Bullying: The Avoidable Annoyance


Picture by Cody Wilson

   Peter Parker is the epitome of a bullied high schooler. Anyone with a vague knowledge of Spider-Man comics will recall his constant harassment at the hands of Flash Thompson, the dull-witted big man on campus.

   What most fail to recognize is the reality that Parker’s troubles were ultimately his own fault. In Stan Lee and Steve Ditko’s classic run on Amazing Spider-Man, he loitered near the bullies after class, ignored Flash’s attempts at reconciliation, and even threw insults back at his bully.

   Peter Parker is not as blameless as many believe he is, and this actuality highlights a larger truth that applies today: those who are frequently bullied usually bring abuse upon themselves.

   Bullies derive amusement from others’ pain, so naturally, they thrive on reactions. While the victims cannot affect those encouraging the bully, they can control their own reactions to abuse. When a jerk hurls a cruel insult, even a subtle sign of annoyance from their subject is enough to motivate them to continue the harassment.

   The absolute worst, but most common, response from a victim is an overreaction. By yelling at the top of their lungs over an offense or by returning an insult, a bullied kid might as well write the words “I am an easy target” on their forehead. These types of reactions further publicize to the bully’s actions, and nothing satisfies a tormenter like attention, whether it be negative or positive.

   Similarly, going to an adult over an incident of harassment rarely solves any underlying problems. Bullies are not naturally prone to respecting authority figures. After having a teacher or principal reprimand them, a typical rascal’s rebel streak will drive them to return to the victim with harsher threats and more harmful insults.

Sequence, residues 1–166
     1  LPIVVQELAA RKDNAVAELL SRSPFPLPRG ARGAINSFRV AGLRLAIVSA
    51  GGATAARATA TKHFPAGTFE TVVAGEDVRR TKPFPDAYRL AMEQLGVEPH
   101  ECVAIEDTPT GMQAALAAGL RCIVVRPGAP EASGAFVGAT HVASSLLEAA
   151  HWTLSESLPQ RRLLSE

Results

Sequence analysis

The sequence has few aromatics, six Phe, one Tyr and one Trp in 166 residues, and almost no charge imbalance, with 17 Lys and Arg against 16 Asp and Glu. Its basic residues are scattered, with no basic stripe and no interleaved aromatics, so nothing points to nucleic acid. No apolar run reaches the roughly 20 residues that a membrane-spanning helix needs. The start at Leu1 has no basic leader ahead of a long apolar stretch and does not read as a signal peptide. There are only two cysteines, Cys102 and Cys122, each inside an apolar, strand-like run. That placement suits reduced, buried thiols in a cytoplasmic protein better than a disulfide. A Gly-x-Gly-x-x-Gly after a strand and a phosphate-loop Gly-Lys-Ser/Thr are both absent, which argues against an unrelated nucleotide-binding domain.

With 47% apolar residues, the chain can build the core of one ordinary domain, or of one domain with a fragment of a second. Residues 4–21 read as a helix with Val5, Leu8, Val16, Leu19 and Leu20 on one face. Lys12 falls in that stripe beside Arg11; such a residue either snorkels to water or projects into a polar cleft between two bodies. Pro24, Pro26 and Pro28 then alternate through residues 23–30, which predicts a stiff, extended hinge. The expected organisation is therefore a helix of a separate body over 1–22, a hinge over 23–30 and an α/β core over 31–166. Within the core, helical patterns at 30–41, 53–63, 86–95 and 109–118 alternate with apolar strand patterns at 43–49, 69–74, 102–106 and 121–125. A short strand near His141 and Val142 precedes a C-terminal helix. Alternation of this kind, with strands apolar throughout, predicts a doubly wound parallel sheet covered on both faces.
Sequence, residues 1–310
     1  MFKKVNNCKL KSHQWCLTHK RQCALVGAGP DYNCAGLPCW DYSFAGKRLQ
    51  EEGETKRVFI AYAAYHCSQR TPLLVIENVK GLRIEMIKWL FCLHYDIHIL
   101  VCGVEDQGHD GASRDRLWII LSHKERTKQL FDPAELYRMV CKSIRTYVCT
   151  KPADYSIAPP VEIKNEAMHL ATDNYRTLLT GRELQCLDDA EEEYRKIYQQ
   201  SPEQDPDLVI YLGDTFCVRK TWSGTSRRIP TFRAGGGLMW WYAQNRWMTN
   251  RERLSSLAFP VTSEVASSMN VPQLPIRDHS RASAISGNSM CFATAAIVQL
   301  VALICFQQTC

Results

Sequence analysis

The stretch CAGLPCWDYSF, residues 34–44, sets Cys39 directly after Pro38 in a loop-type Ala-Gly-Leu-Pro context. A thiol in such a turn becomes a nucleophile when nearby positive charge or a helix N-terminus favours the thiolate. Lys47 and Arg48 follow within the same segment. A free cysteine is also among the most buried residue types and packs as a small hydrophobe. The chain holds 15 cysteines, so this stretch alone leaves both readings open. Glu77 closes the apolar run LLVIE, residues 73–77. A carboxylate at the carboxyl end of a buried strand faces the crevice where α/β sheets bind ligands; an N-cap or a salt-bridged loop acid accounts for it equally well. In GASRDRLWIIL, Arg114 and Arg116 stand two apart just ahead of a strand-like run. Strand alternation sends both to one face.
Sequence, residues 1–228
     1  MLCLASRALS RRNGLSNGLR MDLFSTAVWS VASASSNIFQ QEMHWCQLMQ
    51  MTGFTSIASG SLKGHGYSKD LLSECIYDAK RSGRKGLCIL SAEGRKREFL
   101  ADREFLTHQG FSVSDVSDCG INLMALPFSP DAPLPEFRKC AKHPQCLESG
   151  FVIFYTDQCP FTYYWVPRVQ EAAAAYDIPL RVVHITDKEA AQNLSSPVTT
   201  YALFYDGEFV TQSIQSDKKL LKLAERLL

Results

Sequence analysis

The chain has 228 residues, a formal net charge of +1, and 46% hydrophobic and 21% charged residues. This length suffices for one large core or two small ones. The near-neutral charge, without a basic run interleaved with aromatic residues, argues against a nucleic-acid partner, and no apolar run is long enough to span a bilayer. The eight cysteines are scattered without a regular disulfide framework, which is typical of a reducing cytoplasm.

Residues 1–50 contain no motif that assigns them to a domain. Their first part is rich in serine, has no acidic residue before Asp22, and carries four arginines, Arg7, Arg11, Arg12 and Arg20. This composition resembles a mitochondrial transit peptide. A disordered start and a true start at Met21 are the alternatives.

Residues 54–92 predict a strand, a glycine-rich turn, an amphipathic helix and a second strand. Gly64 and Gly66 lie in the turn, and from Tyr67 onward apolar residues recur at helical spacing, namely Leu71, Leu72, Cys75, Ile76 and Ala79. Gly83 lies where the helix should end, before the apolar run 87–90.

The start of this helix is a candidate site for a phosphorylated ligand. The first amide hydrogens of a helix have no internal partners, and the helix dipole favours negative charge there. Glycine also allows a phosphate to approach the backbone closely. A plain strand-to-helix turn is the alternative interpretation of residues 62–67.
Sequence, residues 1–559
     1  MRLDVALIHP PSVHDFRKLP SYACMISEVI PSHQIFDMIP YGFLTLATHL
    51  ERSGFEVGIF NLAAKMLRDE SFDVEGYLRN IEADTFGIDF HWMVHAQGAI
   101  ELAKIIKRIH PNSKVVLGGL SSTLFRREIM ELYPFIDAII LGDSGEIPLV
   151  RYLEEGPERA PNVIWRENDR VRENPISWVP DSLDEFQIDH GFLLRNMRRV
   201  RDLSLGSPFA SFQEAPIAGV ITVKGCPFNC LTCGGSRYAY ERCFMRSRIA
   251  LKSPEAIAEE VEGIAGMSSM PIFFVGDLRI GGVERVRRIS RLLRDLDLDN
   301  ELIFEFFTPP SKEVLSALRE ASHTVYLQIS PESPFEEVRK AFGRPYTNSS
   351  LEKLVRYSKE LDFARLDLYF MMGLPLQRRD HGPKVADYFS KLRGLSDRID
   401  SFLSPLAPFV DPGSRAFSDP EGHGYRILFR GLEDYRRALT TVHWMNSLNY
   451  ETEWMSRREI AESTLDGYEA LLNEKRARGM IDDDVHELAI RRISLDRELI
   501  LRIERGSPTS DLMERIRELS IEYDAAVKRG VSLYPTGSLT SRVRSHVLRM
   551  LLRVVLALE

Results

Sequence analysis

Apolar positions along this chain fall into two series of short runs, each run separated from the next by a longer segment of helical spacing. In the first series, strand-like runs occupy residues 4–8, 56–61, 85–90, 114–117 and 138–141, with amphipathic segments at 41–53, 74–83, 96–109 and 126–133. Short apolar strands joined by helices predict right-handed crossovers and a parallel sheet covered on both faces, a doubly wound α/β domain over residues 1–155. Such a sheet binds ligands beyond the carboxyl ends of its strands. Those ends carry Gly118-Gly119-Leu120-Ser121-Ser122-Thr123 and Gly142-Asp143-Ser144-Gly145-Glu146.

Of course, physical assaults warrant the notice of an adult, as students can be suspended for such attacks. But reporting minor jibes is completely useless; administrators can only (metaphorically) slap the bully on the wrist, and they will return for more harassment.

   The quick-witted victim will instead completely ignore the bully until they grow bored and find someone else to pick on. Without any reaction from a target, the pest is deprived of attention like a fish is deprived of water. The bully is disappointed, and the potential victim is spared.

   Of course, the best defense is a capable offense. The only sure way to prevent oneself from being placed in an uncomfortable situation is to consciously take steps to avoid such a position.

   Many may feel like the only way they can avoid being bullied is to stop expressing their unique tastes. This sentiment is only partially true. For example, t-shirts with images of superheroes or other fandoms are safe. Bright pink Mohawks or Pikachu onesies, however, make kids easy targets. There is a difference between professing one’s fandom and attracting negative attention. Any aficionado should use their judgement about how they present themselves.

   Additionally, Quartz Hill High School offers many advanced courses such as AP, IB, and honors classes, all of which tend to repel idiots and jerks. Bullies need control, and they generally avoid being put in difficult classes they may not be able to handle. Instead, honors students befriend others like them in an academic, inclusive community. Intelligent kids are traditionally the bullied, so honors classes act as a safe haven for the Poindexters.

   The Fanatics Society, essentially a club for fandoms like comics and Star Wars that meets during lunch on Tuesdays and Fridays, is full of what many would consider traditional targets for harassment. However, the club members have succeeded in avoiding persecution.

   Weston Fitzgerald, a member of Fanatics, feels bullied at home by his older brother, but he is rarely picked on at school. He reasons, “That is generally because I am nice to everybody else.” Taking honors classes has also helped him dodge any pestering.

   Tim Martinez, a senior, admits, “I could be an easy target because I look like a five-year-old.” Continuing the trend, his AP route has directed him away from would-be tormentors.

   Even half a century after the publishing of Peter Parker’s debut, bullying is not an uncommon dilemma. However, any smart student can easily avoid being picked on by using good judgement. One can switch their role in life from that of a martyr to that of a survivor with but a change in strategy.